Marikina Cityhood Park and fountain. Kara Santos

The Cityhood Park, located at the corner of Sumulong Highway and Shoe Avenue, is another photogenic landmark you can pass by. The park has a fountain and a Spanish inspired facade that resembles a church. The 12 bronze cup-shaped bells imported from Italy are scheduled to play a melody every hour from 8 a.m. to 6 p.m.

3. Dine in open-air garden restaurants

Since the COVID-19 virus spreads faster in enclosed quarters, dining out in small, enclosed air-conditioned restaurants in malls can be pretty scary. These days, it’s safer to just get delivery or takeout.

Rustic Mornings. Kara Santos
The food at Rustic Mornings. Kara Santos

But for couples or members of the same household who won’t be socializing with other people, dining in places with outdoor seating and lots of greens feels much safer. 

Rustic Mornings, a lovely hidden garden restaurant in Marikina, has reopened their al fresco area open for socially distanced dine-in with safety and sanitation measures in place. Reservations are recommended for people to dine at specific time slots.

Greg & Sally Garden Cafe. Kara Santos

Greg & Sally Tree Garden Café, located in a quiet residential area of Marikina, is another secluded garden restaurant that has reopened for dine-in. The open-air gazebo is set up with one table in the middle and tables for one all facing the garden area, where you can dine with a view of lush greenery. For plantitos and plantitas, there's a plant shop right next door too.

4. Check out a vintage train on display 

Marikina Express Train. Kara Santos

Not many people are aware that Marikina once had a train line that used to operate from 1906 to 1936. The railway route started from the Tutuban central train station in Manila, passing through Pasig, and trains went all the way to the towns of Marikina and Montalban.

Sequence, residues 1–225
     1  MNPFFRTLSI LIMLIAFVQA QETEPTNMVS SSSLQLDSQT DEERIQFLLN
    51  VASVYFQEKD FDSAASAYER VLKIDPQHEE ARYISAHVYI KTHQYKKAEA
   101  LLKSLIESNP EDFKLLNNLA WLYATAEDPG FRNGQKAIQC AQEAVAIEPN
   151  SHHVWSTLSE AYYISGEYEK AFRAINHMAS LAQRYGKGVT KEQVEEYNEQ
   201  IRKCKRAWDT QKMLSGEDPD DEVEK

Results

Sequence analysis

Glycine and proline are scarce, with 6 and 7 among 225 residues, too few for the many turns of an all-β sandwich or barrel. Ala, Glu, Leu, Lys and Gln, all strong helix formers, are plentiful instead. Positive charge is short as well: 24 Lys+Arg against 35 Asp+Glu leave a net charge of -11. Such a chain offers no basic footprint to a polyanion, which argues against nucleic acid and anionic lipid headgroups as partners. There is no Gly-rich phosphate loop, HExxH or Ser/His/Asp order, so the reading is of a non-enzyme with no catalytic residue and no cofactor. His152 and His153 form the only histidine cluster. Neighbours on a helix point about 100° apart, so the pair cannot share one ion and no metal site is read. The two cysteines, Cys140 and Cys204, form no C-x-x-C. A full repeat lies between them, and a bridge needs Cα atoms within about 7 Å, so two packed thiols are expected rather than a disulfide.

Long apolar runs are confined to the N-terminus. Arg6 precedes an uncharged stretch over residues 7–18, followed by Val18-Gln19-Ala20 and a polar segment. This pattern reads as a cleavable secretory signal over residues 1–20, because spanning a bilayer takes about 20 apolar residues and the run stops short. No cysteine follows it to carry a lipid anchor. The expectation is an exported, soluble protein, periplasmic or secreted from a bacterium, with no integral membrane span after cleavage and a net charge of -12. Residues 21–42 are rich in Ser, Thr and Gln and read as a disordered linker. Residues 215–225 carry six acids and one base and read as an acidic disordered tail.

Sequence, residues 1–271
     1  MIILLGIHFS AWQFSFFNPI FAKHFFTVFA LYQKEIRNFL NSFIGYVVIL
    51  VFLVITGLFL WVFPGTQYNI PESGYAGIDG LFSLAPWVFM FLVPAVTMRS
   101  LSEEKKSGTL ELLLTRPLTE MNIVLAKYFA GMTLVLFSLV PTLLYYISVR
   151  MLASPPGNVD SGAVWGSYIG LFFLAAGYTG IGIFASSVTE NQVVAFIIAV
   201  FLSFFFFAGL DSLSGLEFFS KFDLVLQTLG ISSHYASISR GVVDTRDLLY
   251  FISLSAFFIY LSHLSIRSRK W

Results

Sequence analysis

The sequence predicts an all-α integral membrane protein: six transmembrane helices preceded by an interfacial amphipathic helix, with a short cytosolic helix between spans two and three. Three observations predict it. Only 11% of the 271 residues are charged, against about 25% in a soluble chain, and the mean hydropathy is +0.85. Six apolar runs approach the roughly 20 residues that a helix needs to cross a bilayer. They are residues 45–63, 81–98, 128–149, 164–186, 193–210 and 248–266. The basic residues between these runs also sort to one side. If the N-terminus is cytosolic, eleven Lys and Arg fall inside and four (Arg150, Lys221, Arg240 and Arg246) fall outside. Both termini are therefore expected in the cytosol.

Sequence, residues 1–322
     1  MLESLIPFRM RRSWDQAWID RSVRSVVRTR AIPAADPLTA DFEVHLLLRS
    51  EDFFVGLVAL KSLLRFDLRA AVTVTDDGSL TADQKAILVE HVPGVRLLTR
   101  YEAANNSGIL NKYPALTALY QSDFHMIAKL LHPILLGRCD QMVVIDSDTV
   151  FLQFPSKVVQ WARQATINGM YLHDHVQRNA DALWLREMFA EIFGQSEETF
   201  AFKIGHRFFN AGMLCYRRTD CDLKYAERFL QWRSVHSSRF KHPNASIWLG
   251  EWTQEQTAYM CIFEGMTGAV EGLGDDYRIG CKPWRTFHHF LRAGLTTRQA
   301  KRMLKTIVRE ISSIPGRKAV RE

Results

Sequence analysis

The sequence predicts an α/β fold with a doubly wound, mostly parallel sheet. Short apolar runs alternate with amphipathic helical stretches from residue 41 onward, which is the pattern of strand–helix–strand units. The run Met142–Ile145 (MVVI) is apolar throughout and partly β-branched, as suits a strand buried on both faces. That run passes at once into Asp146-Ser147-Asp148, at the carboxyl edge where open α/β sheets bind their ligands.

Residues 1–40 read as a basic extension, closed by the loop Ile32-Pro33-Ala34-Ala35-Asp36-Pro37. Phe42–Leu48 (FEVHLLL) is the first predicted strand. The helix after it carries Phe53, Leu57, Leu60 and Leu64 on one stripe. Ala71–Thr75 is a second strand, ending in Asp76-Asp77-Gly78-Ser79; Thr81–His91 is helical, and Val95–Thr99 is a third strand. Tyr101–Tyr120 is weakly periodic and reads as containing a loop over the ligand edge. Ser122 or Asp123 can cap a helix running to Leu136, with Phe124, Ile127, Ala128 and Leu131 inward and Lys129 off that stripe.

The recently opened Daang Bakal Train Park right across Teatro Marikina along the road formerly known as “Daang Bakal” street features a vintage “Marikina Express” train that looks straight out of Hogwarts. Some construction is still going on in the area behind it, but the vintage train is visible right along the road, serving as a historic reminder of the former railway route and how it was a part of early 20th-century locomotive transportation.

5. Buy essential food supplies and snacks from J.P. Rizal

Kakanin stalls in Marikina. Kara Santos

Residents from all over the metro often go to Marikina just to buy kakanin. The long street of J.P. Rizal has a number of roadside stalls offering budget-friendly native delicacies like kutsinta, sapin-sapin, suman, along with fish crackers, bottled products, and other treats. 

While the area has long been a favorite of bikers, lately there seen to be lots of car owners buying food items in bulk for online reselling in their own neighborhoods. 

Kakanin along J.P. Rizal. Kara Santos

Look out for Aling Remy’s Special Delicious Puto at Kutsinta, a food stand that has been around since the 1930s. You can also find stalls selling all kinds of goodies including “everlasting” Marikina’s signature meatloaf dish.

NOTE: A version of this article was first published in the author’s blog Travel Up.